Sunday, March 26, 2017
Thursday, March 16, 2017
A few years ago, I realised that I didn't need to carry a 124 page sketchbook around with me when I only use 1-3 pages during an outing. That's carrying the weight of around 100 extra blank pages for nothing. And I dislike carrying heavy bags. With a lightweight sketchbook, I could carry one in my bag everyday without any strain. And it would encourage me to sketch anytime, anywhere. So I studied some bookbinding books, bought some paper from my local paper supplier, and got the essential tools to make my own sketchbooks.
Here's what I use:
1) 1 sheet of thicker cover paper
2) 9 sheets of sketching paper
3) A long arm stapler
4) Metal ruler
6) A cutting mat
Each paper supplier has their own selection of paper. Some papers are from Asia and some from Europe. I found that only a small selection of papers can take inks and watercolours well, most of the papers at paper suppliers are more suited for offset printing.
In Singapore, there is Hiap Moh and RJ Paper. For Hiap Moh, you will need a car to collect your order from an industrial estate in Jurong. I personally prefer getting my sketchbook papers from RJ Paper because you can get their papers directly from their office and they carry more paper options that are suitable for fountain pen ink and watercolours. At RJ Paper, I settled on Tangerine White 160gsm (gsm is the measure of paper thickness). It can take light washes of watercolour and ink pretty well. It's not as good as proper watercolour paper. But good enough. If you mainly use ballpoints and pencils or other dry media, you'd have more options to choose from. It's best of go visit a paper supplier and try out different medium on their paper samples.
Make sure that the paper you choose isn't so thick that it can't fold into a book. I'd keep it to around 200gsm and below. For the cover, I chose something that's a little thicker- a brown craft paper.
Paper come in huge sizes eg. 1.2 meters by 1.2 meters. You might have to pay the paper supplier a small fee to cut the papers down to A4 sheets. Sometimes, they waive the fee for students.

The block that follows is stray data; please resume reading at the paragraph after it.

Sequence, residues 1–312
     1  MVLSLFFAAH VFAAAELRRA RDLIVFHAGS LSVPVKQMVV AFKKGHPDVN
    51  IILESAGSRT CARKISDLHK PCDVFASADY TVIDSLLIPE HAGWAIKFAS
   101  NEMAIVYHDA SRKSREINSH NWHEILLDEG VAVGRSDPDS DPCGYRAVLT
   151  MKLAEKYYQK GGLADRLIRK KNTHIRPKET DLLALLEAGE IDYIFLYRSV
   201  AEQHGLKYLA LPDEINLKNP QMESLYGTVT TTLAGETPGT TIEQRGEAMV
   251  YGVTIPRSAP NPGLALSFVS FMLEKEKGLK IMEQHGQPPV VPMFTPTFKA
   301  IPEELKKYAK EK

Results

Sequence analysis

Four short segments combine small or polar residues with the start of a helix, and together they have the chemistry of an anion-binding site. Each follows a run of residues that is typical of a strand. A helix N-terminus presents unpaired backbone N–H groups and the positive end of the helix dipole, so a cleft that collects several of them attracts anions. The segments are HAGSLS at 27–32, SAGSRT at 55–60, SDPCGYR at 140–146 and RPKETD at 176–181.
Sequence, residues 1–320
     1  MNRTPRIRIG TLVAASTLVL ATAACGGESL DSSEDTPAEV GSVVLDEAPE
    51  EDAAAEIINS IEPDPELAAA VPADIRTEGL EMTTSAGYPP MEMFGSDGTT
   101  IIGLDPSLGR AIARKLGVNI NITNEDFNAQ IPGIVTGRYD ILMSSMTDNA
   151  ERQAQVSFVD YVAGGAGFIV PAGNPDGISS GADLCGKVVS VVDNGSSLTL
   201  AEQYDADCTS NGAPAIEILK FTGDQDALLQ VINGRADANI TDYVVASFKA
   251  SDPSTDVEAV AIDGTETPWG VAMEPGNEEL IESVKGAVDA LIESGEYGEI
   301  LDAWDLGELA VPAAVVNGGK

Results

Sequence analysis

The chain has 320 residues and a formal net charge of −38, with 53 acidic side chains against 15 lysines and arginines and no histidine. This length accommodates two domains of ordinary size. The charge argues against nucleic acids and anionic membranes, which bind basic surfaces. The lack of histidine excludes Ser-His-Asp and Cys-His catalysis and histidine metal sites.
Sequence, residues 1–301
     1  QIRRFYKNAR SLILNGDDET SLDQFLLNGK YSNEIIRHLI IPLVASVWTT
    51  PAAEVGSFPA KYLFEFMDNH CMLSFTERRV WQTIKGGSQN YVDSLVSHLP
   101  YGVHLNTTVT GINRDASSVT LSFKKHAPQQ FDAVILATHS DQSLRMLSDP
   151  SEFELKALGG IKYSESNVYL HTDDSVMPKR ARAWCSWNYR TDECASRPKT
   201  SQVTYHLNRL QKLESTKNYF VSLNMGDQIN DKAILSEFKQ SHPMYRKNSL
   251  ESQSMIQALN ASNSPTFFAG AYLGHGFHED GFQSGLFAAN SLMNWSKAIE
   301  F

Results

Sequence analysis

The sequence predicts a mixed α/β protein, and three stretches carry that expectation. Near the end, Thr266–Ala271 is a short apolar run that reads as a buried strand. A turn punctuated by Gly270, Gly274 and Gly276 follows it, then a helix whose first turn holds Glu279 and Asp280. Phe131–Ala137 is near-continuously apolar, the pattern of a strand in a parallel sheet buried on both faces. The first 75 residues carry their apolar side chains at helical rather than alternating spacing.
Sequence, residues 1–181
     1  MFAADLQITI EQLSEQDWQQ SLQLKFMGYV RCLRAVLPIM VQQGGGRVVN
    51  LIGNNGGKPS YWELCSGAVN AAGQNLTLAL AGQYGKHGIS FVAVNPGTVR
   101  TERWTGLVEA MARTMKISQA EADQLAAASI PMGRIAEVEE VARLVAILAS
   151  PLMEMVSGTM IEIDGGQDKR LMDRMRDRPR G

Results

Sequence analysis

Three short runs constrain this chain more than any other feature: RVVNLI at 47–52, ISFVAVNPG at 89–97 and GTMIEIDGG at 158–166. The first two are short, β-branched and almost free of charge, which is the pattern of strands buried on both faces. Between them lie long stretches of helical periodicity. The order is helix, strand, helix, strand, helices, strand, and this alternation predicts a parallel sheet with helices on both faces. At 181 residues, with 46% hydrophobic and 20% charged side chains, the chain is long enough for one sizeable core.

If visiting a paper supplier sounds like a pain, just get drawing block paper from a neighbourhood store.
A long arm stapler costs about $15 or less at most stationary stores. They use larger staples than normal ones. This is a good investment. I've used this for years.
I recommend a big cutter because it helps with the grip.
OK, so this is how I put it all together:
1) I fold the cover paper in half. And make a sharp crease.
2) Align the inside paper under it and make sure the crease is centered.
3) Use the long arm stapler and staple along the crease. One higher up. One lower down.
4) Fold in half, making sure the edges are aligned and you are folding along the crease.
5) Press down using the back of the palm.
6) Now it's a book! But the edges are all sticking out. As you can see, my cover paper is slightly larger than my inside papers. My cover paper is A4 but my inside papers were cut to a slightly smaller size by the paper supplier.
7) Hold the metal ruler tight. Then use the cutter and slice off the edges (About 2mm in). It will take maybe 10 - 20 slices to get through 10 sheets of paper. Be patient. Slice off the edges on the side.
Slice off the edges on the top.
Slice off the edges on the bottom side.
8) Then it is done!
As you can see, with all the edges cut, it looks like a proper sketchbook now!
The sketchbooks I make are a little smaller than A5 size. 36 pages + the cover.
The alternative cutting method
I used the hand-held cutter for a few months and then got tired of it. So I bought an industrial trimmer which allows me to cut through 20-25 sheets with one slice. If you are crazy about making your own booklets like me, you could consider purchasing one. I use the Ideal 1038. I bought it from the New York and lugged it back. It's been a good investment because I make a mew sketchbook every 2 weeks and I also like making my own home-made comic books. The blade is very sharp. So do keep it away from little kids.